Sunday, February 10, 2013
2014 linebacker is back in the game
By Mason Kelley
For Brett Carter (Tacoma, Wash./Franklin Pierce), the past week provided a little relief, some excitement and a look toward his future.
Five months after the 6-foot-3, 199-pound linebacker fractured his left tibia and fibula, Carter was able to compete in several basketball games, taking the floor twice for the Franklin Pierce Cardinals.
“It’s a huge relief,” he said. “It was a long journey. It’s a nine-month injury, potentially, and I’m about five months through it. Halfway through the injury, to be stepping back on the court and playing playoff basketball, is pretty cool.”
After two games, Carter said his leg feels about 80 percent.
“It feels just about new,” he said. “I can’t jump off that one leg, but I can jump pretty high off two. That makes up for it.”
In addition to his return to the basketball floor, Carter got his football fix, attending Washington’s junior day Saturday. He said he enjoyed the experience, getting an academic tour, a facilities tour and a chance to talk with potential position coach Peter Sirmon.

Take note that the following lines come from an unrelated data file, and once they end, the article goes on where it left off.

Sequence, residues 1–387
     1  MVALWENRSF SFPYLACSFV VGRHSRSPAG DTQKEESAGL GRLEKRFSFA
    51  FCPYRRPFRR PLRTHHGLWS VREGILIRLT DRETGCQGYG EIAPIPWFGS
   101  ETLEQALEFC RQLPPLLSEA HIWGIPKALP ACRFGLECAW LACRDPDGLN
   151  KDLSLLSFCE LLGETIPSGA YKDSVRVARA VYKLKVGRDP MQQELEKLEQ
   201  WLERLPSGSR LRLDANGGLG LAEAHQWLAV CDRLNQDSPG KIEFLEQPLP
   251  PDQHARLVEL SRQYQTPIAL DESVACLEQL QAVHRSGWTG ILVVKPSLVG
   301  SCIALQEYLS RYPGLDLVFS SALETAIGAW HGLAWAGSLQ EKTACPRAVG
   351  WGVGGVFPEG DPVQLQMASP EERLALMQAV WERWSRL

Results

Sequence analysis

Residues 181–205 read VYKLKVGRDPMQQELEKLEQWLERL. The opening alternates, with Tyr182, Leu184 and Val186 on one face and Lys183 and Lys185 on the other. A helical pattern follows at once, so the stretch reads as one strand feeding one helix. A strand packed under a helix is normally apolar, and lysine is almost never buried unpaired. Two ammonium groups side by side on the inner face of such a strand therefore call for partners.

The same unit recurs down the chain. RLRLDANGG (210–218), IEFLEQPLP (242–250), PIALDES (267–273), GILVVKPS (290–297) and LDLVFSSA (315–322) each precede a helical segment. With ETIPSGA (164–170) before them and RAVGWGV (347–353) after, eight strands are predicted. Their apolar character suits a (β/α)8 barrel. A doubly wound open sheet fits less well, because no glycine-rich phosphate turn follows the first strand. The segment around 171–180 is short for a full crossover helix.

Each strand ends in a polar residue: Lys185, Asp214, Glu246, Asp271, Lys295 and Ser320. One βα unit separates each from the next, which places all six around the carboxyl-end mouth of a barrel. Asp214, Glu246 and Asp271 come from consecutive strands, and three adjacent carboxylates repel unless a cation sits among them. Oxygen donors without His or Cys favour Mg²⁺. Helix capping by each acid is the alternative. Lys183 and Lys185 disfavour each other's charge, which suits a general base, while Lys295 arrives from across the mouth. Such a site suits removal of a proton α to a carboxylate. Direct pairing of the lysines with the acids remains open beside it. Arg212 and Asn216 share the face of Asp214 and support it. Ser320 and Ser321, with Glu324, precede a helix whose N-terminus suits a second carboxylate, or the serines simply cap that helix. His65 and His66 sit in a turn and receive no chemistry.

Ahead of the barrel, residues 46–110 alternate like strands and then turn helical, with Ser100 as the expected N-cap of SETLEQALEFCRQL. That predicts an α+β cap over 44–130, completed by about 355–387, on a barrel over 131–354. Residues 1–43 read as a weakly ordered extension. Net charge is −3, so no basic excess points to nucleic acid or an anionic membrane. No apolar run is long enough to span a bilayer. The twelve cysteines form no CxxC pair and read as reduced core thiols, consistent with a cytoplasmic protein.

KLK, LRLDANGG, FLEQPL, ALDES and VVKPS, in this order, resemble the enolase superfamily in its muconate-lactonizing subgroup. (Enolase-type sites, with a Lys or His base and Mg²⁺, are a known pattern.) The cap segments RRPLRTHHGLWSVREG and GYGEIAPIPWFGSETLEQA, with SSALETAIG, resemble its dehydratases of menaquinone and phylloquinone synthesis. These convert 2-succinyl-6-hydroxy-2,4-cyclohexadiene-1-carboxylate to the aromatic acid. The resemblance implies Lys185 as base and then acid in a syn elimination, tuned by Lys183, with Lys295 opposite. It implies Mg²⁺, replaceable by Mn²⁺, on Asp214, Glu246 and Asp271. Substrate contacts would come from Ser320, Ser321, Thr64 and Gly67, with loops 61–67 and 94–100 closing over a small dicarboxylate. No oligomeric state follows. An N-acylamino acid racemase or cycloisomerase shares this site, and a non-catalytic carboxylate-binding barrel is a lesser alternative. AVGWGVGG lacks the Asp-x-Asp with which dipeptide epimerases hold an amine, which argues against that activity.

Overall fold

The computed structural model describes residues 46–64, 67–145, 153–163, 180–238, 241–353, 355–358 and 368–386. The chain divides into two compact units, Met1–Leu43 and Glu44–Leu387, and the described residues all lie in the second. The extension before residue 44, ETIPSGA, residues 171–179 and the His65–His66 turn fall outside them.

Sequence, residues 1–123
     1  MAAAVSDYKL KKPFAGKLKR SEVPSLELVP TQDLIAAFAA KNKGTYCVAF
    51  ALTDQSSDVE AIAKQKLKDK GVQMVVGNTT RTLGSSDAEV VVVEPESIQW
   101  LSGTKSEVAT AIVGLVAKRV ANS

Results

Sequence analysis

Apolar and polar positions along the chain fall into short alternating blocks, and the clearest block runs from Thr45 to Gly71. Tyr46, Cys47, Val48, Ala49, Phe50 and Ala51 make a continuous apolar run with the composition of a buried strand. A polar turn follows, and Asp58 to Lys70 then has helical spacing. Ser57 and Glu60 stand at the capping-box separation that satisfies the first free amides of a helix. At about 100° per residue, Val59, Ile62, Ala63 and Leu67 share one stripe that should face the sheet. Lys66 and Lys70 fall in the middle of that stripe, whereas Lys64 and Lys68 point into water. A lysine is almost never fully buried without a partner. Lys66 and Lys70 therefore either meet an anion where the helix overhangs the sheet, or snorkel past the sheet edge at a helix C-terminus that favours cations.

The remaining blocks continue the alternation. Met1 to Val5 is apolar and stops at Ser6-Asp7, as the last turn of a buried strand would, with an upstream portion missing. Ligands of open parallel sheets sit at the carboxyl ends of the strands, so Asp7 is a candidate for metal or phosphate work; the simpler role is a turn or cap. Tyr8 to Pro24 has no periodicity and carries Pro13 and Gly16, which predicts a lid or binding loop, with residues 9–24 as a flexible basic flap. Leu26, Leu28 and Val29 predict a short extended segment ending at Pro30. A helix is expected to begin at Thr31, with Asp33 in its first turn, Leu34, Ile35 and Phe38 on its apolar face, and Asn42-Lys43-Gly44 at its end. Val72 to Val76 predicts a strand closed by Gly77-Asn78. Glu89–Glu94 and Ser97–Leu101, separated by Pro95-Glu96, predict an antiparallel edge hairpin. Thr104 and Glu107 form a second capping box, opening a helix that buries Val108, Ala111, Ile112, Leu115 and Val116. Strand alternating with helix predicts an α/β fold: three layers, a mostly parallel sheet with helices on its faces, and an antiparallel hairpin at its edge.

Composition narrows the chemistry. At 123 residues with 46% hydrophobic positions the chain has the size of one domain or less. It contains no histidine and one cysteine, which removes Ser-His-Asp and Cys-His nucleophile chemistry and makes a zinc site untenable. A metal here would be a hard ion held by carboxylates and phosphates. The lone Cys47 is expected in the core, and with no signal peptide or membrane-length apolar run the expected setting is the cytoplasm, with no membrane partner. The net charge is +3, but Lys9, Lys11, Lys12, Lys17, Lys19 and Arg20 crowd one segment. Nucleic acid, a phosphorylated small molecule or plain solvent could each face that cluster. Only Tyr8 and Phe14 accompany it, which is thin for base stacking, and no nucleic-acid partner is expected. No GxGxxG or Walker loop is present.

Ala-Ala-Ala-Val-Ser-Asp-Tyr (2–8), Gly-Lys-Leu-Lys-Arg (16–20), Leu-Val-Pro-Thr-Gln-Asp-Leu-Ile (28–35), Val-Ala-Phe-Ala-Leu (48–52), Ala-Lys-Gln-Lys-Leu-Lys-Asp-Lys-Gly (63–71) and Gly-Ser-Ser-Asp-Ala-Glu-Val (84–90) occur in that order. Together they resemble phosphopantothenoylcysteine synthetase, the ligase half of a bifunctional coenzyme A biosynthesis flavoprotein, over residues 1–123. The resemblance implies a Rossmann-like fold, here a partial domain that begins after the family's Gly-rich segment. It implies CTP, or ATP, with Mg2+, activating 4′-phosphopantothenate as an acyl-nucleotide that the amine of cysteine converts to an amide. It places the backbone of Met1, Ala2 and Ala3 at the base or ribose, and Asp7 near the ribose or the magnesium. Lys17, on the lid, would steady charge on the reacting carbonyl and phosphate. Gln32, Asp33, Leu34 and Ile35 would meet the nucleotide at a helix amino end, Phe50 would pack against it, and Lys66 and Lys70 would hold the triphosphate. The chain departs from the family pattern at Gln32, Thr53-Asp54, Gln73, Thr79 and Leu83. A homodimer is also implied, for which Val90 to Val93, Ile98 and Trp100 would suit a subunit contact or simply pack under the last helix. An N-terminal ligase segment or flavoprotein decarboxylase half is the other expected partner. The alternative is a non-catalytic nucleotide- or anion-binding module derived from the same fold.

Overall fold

“It was pretty fun,” he said. “They invited me back for some practices in the spring. I feel like they’re waiting to see what I can do, because I’ve only got sophomore film.”
While touring Washington's football facilities, Carter asked the equipment manager about helmets. Before heading home, Carter was given the opportunity try on a few to find a good fit.
The junior also caught the attention of the coaching staff with the way he dressed, wearing a pair of dark-washed jeans, a purple dress shirt and a black sweater vest.
“The coaches said I was best dressed,” Carter said with a laugh.
After his trip to Seattle, Carter is traveling across the state to attend Washington State’s junior day next weekend. He also continues to be in contact with Utah. He is using the rest of the basketball season to build confidence before he returns to the football field in time to hit college camps.
“It’s looking pretty good. I’ve just got to get out to some camps,” he said.